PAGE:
It's easy -- once your name becomes a noun
Or even an adjective.
Earl of Sandwich
Duke of Wellington
have in common?
Easy. Their names all became nouns. Samuel Maverick, for instance, was a fellow who refused to brand his cattle. Amelia Bloomer, the suffragette, promoted loose bloomer pants for women, though she didn't wear them at all often. That great general of armies, the Duke of Wellington, wore tall boots, with the result that Englishmen (and women) call what we call "gumboots" "wellingtons." The first Earl of Sandwich toyed with the name "Portsmouth" when he first became a lord, and if he had clung to that idea, two slices of bread with a filling (which one of his descendants designed in a hurry while playing billiards) would have been called a "portsmouth."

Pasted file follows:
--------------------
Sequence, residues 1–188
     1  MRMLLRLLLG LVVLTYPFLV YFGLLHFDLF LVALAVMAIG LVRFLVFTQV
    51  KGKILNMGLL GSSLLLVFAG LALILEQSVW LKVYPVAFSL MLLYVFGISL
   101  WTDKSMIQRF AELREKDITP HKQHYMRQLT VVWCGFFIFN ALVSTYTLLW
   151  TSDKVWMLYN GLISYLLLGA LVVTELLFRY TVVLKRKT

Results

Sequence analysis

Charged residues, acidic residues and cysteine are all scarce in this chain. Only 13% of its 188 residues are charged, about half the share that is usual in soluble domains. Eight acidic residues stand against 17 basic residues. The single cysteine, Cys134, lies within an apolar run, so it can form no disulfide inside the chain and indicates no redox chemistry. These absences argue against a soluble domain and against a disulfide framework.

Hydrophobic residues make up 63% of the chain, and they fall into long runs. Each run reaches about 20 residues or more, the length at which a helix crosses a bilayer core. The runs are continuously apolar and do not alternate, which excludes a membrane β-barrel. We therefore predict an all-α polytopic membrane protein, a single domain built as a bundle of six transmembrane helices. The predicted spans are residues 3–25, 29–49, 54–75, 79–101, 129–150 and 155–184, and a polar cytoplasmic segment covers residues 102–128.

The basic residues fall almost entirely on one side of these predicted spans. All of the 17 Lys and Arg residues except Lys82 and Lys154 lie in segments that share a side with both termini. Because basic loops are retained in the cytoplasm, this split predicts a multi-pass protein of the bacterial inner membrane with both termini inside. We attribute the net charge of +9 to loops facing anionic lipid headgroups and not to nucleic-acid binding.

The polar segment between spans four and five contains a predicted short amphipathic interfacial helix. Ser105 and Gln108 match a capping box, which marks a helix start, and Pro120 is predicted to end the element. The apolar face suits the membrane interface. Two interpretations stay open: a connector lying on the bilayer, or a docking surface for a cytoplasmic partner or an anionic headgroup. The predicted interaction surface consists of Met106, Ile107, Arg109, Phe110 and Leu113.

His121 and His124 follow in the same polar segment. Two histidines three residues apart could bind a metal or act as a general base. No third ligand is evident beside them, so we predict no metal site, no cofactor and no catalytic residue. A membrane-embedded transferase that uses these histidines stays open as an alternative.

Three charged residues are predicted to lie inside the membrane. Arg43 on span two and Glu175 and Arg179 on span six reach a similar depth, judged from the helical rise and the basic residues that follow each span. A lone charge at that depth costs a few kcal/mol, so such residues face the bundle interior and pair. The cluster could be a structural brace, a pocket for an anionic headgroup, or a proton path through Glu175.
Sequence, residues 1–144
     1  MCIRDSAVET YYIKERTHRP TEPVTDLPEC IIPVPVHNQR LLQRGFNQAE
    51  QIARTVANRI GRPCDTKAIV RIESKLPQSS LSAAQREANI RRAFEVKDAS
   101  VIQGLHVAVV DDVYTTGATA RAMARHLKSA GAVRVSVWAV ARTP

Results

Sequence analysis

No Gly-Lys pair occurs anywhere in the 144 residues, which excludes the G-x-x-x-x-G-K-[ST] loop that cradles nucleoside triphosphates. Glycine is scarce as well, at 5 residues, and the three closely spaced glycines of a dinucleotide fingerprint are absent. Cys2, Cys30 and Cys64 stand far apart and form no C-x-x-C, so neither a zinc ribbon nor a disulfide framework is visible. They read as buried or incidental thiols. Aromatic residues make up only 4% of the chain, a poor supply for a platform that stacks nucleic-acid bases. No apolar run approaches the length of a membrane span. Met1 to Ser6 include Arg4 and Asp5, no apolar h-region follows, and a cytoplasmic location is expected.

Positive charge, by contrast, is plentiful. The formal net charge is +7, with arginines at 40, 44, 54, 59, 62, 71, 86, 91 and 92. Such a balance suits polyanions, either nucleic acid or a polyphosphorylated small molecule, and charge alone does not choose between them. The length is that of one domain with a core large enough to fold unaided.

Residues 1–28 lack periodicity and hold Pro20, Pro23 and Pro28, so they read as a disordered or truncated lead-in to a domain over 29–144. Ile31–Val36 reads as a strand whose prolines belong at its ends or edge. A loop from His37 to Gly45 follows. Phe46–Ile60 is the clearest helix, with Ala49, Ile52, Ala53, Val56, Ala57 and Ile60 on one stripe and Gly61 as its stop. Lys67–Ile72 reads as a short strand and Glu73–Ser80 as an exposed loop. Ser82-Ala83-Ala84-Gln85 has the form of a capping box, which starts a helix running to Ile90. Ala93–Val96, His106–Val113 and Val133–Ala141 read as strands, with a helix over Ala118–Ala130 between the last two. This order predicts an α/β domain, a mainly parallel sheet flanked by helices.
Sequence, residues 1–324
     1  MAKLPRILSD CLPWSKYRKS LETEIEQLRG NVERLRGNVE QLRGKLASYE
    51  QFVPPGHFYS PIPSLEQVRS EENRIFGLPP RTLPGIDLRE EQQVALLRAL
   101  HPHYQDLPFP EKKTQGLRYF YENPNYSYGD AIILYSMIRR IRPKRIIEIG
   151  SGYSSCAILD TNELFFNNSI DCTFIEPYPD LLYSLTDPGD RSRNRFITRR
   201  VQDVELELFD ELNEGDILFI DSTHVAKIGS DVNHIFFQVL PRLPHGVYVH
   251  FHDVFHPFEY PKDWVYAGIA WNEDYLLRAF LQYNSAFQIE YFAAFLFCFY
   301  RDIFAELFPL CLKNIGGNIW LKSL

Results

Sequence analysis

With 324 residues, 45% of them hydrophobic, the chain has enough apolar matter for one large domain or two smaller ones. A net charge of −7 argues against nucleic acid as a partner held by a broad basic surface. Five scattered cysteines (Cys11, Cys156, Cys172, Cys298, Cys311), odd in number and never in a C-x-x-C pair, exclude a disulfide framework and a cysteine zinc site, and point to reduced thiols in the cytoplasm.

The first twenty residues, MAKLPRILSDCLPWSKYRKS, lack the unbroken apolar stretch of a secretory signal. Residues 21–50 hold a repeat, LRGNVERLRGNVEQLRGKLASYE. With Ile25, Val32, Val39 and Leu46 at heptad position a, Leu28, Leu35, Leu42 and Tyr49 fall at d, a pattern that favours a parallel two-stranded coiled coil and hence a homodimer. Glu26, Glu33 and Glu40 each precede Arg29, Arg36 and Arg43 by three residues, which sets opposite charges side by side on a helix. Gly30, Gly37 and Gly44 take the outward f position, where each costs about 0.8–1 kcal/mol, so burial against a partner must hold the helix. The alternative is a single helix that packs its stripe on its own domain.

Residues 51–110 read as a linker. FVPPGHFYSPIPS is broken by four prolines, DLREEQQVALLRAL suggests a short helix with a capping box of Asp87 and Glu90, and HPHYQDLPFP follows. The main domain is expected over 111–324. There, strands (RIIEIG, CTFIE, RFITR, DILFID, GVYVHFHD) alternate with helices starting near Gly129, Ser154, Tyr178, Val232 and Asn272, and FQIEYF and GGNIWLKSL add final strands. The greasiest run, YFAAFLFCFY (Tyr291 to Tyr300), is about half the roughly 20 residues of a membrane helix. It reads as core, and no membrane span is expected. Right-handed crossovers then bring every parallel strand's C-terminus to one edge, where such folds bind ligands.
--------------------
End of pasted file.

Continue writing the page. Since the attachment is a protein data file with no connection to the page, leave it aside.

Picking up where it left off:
Now, that's a scary thought. Though not as scary as the idea of becoming immortalized by a disease. Poor Dr. Altzheimer is an example that leaps to mind.
Even Achilles, hero of The Iliad, has been reduced to a tendon.
And then there are verbs inspired by people's names Charles Boycott did not actually do any boycotting himself (but was boycotted, instead), but gave his name to that popular pursuit.
And finally, there is the Marquis de Sade, who inspired sadism, which is a sadistic way to be remembered.
Listen to a hilarious musical NPR discussion here